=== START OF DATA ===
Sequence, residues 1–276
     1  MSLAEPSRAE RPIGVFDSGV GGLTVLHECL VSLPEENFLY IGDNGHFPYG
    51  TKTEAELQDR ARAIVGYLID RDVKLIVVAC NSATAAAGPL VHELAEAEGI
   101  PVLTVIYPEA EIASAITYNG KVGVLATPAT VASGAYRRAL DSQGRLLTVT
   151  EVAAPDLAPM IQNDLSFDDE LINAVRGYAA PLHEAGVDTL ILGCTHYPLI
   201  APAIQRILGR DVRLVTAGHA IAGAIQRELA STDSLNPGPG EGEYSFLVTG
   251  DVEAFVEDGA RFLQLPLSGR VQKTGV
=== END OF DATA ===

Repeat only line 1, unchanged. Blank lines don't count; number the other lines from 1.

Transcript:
Sequence, residues 1–276